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Oklahoma Green Schools training programs available this summer

Students at Peters Elementary School in Broken Arrow, Oklahoma display the Green Schools flag after completing program training. Photo provided.
Students at Peters Elementary School in Broken Arrow, Oklahoma display the Green Schools flag after completing program training. Photo provided.

By Darla Shelden
Contributing Writer

Beginning this month, the Oklahoma Green Schools Program is offering three summer training opportunities for anyone interested in learning about funding and educational resources available to help their schools go green.

Sessions include an overview of the OK Green Schools Program, STEM (Science, Technology, Engineering and Math) related Green School projects reviewed by current OGSP Teachers, Lighting 101 for the classroom by Les Pace, which includes a demonstration of the OGS Toolkit, and PLT (Project Learning Tree) GreenSchools.

Topics include Energy, Water, Waste & Recycling, Environmental Quality, and School Site.

The sessions are led by Oklahoma Green School Committee Members Les Pace and Christina Roberson.

President of Pace Applied Technologies Inc., Pace is a certified energy manager and Executive Director of Partnership of Environmental Education Foundation, a non-profit organization that provides environmental education to teachers and students K-12.

“The training program has a two pronged benefit,” said Pace. “First, the students learn about the environment, their school’s environment and what makes the best learning/teaching environment for them to be in by evaluating their own classrooms. And we give them the tools to do it.

“Secondly, there are errors within the environment that are happening that can be corrected, which will make the environment more energy efficient and friendly, which reduces the costs of operations in the school district.
“We did a program of 25 elementary schools as a pilot and at the end of two years we found a 3 percent increase in test scores and an 8-22 percent reduction of the overall utility costs by getting the students involved.”

Pace has been working with this type of program since 1996. “The results are always the same,” Pace said. “Kids take pride and ownership of their building and suddenly they’re doing something to solve a problem rather than being part of a problem. They really take an interest in it.”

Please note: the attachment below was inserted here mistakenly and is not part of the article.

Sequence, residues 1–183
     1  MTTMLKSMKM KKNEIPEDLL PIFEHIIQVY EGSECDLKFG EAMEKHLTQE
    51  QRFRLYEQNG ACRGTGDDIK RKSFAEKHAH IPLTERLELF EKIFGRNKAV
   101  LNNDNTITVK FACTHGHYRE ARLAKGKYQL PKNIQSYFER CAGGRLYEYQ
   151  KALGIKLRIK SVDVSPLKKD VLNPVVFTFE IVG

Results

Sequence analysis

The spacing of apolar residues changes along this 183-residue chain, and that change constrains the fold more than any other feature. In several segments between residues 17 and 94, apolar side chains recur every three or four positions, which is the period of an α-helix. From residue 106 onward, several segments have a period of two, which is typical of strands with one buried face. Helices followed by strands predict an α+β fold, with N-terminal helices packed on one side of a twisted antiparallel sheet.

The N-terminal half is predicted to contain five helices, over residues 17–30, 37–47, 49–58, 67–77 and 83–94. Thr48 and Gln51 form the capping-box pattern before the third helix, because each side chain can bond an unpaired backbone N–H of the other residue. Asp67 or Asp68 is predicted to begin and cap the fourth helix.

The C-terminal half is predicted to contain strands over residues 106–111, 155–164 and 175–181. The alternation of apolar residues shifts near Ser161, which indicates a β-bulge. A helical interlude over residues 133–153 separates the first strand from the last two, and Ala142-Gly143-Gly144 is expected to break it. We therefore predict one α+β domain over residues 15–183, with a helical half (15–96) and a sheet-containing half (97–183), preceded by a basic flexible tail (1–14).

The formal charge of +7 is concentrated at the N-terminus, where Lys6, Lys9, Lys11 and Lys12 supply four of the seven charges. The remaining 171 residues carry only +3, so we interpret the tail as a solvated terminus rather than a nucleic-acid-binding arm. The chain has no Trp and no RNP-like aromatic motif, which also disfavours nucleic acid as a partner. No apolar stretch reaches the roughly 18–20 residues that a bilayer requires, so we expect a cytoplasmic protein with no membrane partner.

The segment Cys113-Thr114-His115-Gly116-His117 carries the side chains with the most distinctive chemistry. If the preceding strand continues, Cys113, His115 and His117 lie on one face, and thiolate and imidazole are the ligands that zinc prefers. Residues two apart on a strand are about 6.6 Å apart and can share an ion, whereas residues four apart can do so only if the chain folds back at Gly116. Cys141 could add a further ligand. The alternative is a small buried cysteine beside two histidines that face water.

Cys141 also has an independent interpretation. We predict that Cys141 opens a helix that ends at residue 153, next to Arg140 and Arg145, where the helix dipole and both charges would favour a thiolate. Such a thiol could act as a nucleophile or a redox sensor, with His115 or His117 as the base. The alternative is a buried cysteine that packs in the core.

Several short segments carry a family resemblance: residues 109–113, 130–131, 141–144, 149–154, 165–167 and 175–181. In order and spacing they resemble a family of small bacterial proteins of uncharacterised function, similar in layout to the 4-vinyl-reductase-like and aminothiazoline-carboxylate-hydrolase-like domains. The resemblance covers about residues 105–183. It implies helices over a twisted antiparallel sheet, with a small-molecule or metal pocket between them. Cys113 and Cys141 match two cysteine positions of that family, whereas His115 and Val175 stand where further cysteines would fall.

Jeff Wegener, Oklahoma Green Schools Committee Chair said, “Many educators in Oklahoma have expressed the desire to have a program to support and recognize ‘green’ activities within their schools. Available information on the topic can be overwhelming, so this program has been developed to provide a clear, organized source for information.”

Susie Shields Derichsweiler, founding member of the Oklahoma Green Schools Program said, “A green school is defined as a school building or facility that creates a healthy environment that is conducive to learning while saving energy, resources and money.

“Public and private schools alike are realizing that going green is a no-brainer. If a green school saved $100,000 per year in operational costs, that’s roughly enough to hire two new teachers, buy 200 new computers or purchase 5,000 new textbooks.”

In 2008, representatives from the Oklahoma Chapter of the US Green Building Council (USGBC) joined forces with other public and private organizations leading to the creation of the Oklahoma Green Schools Program.

Roberson, former Green Schools Program Director said, “Our goal is to educate and empower Oklahoma students and teachers to make a difference through environmental awareness and stewardship of resources.”

Ten school districts participated in the pilot program launched during the 2009/2010 school years. Today, the program is growing as more agencies, schools and other partners are joining.

“We have students brainstorm what’s going on in their school regarding energy, water, waste & recycling, environmental quality and school site, which includes gardening, composting, storm water run off, everything going on outside,” said Roberson.

Students then pick one of the five areas that they’d like to investigate further. Curriculum materials are downloadable through their partner organization, the National Project Learning Tree.

“The curriculum is a series of questions and data collection that the students can do themselves,” said Roberson. “From the data they collect, students come up with an action plan. This is all service learning, and it is all student led.”

Roberson says 50 to 60 schools each year are doing some part of the program. From their findings, they develop the action plan that makes sense for their school.

“If the student initiated projects are implemented, they will result in cost savings for the school,” said Roberson. “The students are then asked to put their findings in a report, which is presented to one or more decision makers.

“It could be the principal, the superintendent, the school board, the maintenance crew, whoever it is that can become their partner in getting the project implemented.”

A Green School flag is presented to each school after completing program training.

For 2013, sessions will be held from 9 a.m.- 3 p.m. Session one is Tuesday, July 9, at the Wilson Teacher Learning Center, 2710 East 11 St., in Tulsa.

On Wednesday, July 31, session two will be held at the Oklahoma Department of Environmental Quality (DEQ), 707 N. Robinson in downtown Oklahoma City.

Session three will take place on Thursday, August 8, at the Northeastern State University Campus, 3100 E. New Orleans St., in Broken Arrow.

“Come out and see what Oklahoma Green Schools is all about,” said Roberson. “You’ll find out how to get your students excited about coming to school and becoming an advocate for their own education.”

For more information or to register for training, visit

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